Clinical Quiz Answer
Red Plaque on a High School Wrestler
Brian B. Adams, MD
THE PHYSICIAN AND SPORTSMEDICINE - VOL 29 - NO. 2 - FEBRUARY 2001
To confirm the clinical diagnosis of tinea corporis (ringworm), a potassium hydroxide (KOH) examination of skin scrapings was performed that revealed many branched hyphae. A diagnosis of tinea corporis gladiatorum was made (figure 2). The patient was treated with a topical fungicidal cream (terbinafine hydrochloride 1%), and the lesion resolved in approximately 2 weeks.
Herpes simplex infection in wrestlers, called herpes gladiatorum, is a well-known, frequently reported condition (1,2). Infection with tinea corporis is not as well studied but is probably at least as common. The importance of both, in addition to essential morbidity, is that the presence of either infection will disqualify an athlete from competition. Rapid identification and treatment of this condition is essential in preventing epidemics on wrestling teams and in averting missed practices and competitions.
There has been some controversy regarding the naming of tinea corporis on wrestlers' skin. It has been given various names, including tinea gladiatorum (3) and trichophytosis gladiatorum (4), but tinea corporis gladiatorum (5,6) seems to be the most descriptive term. Epidemiologic studies (5,7) attempting to identify the prevalence of this condition have found that 24% to 75% of high school wrestlers are afflicted with tinea corporis gladiatorum. Variability in study methodology probably explains the vast range of prevalence. For example, the highest prevalence was reported by investigators who had been alerted to an epidemic in a high school wrestling team (5), while the lowest was reported in a high school team without a known epidemic (7). Both studies confirmed the diagnosis of tinea corporis by using KOH examination.
The transmission of tinea corporis gladiatorum appears to be by skin-to-skin contact and not through contact with colonized wrestling mats (5,8,9). Several host factors of wrestlers may make these athletes particularly susceptible. Abrasions and cuts allow easier transmission of fungal organisms, and moisture and occlusive clothing provide an optimal environment for the organism to grow (10). Therapy for tinea corporis gladiatorum has included both topical and oral antifungal agents (1,8,10-13).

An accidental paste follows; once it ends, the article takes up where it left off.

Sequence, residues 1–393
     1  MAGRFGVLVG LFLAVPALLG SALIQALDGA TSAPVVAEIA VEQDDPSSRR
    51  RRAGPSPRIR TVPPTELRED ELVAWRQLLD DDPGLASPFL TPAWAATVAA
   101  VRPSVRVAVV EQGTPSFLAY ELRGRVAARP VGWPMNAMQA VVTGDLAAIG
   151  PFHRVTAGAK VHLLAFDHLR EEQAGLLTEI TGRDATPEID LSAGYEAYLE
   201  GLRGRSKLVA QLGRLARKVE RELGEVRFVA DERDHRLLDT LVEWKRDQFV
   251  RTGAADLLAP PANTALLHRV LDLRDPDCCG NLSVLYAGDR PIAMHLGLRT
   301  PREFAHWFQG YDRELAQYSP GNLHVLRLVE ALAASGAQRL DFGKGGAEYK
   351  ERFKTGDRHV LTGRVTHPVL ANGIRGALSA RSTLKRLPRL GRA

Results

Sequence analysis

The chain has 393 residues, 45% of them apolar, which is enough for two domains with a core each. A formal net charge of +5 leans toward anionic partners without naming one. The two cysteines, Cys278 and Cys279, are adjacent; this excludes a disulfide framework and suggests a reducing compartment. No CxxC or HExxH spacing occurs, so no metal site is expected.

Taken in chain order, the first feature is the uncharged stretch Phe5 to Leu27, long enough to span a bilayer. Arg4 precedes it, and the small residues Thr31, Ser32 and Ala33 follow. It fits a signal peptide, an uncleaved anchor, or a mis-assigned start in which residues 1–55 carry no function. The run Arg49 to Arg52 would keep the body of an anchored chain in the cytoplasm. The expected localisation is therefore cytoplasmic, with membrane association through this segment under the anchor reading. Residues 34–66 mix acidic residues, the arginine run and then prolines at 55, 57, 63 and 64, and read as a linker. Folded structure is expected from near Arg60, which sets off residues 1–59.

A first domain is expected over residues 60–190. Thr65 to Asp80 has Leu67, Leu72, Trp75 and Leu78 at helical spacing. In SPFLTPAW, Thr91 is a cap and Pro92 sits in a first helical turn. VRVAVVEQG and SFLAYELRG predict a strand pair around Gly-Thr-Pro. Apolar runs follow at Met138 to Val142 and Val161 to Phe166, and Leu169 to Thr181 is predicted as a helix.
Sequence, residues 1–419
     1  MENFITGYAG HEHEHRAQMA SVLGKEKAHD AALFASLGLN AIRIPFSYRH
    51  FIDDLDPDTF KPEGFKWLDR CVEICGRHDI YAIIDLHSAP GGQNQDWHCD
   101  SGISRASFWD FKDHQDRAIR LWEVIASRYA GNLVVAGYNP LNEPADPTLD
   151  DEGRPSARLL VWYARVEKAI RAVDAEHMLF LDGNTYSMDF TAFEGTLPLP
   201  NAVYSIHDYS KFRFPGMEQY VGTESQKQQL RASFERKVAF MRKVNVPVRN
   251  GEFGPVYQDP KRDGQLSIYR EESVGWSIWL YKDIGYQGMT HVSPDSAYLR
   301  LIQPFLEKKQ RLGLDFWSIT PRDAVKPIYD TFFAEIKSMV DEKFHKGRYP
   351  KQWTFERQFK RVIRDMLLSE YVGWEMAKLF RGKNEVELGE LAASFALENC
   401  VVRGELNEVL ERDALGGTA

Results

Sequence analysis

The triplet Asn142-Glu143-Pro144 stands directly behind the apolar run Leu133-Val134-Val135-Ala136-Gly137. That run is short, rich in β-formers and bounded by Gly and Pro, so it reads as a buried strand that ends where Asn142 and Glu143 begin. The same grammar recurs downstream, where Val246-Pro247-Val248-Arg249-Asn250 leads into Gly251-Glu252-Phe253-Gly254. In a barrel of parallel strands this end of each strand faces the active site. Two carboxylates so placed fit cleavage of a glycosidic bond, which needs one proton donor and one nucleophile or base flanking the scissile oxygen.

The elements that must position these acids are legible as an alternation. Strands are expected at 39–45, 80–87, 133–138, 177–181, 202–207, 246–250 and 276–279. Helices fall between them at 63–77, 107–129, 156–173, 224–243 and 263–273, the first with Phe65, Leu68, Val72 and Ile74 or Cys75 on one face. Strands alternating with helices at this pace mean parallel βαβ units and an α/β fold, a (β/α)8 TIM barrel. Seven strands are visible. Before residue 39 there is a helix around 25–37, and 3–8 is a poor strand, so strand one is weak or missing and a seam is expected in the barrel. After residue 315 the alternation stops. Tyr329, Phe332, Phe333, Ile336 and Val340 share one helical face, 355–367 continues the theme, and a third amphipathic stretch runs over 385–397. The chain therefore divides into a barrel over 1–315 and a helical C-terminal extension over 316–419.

After consulting with the Centers for Disease Control and Prevention in Atlanta, investigators examining an epidemic in a high school wrestling team in Alaska recommended that wrestlers with tinea corporis be excluded from matches (5). Furthermore, the investigators suggested that griseofulvin be used for 1 month by wrestlers with more than two lesions or any facial lesions and that topical ketoconazole or econazole nitrate be used for 1 month by all others.
One study (13) compared the efficacy of oral weekly fluconazole versus twice-daily topical clotrimazole in the treatment of tinea corporis gladiatorum and suggested that oral fluconazole should be the first-line treatment. Interestingly, even in the fluconazole-treated group, 50% of the cultures were still positive after 11.1 days. Yet another study (12) suggested that using 200 mg of itraconazole twice a day, for 1 day every 2 weeks, was effective prophylaxis. Overall data are insufficient to recommend a specific duration of either topical or oral antifungal therapy.
In addition to treatment with antifungal agents, measures should be taken to ensure that the infection is not transmitted to other wrestlers. Beller and Gessner (5) have suggested that wrestlers be excluded from participation until they complete 10 days of topical therapy or 15 days of oral treatment. Dienst et al (10) have suggested that wrestlers be excluded for 5 days if the tinea corporis lesion cannot be covered. Unfortunately, it is not known how long a patient requires treatment before he or she is considered noninfectious. Furthermore, no published study of tinea corporis gladiatorum has investigated the recently marketed topical fungicidal allylamines (such as terbinafine hydrochloride, naftifine hydrochloride, and butenafine hydrochloride), which may be of great benefit to high school wrestling teams.
Untreated dermatophyte infections should disqualify wrestlers from practicing and participating in competitions. Close observation by coaches and athletic trainers is important in keeping all high school wrestlers eligible to compete. Any suspicious skin lesion should be evaluated by a physician as soon as possible. Upon diagnosis of tinea corporis gladiatorum, appropriate therapy should be instituted without delay.
Dr Adams is an assistant professor in the department of dermatology at the University of Cincinnati College of Medicine and chief of dermatology at the Veterans Administration Medical Center in Cincinnati. Address correspondence to Brian B. Adams, MD, Dept of Dermatology, University of Cincinnati, College of Medicine, Box 670592, Cincinnati, OH 45267-0592; e-mail to [email protected].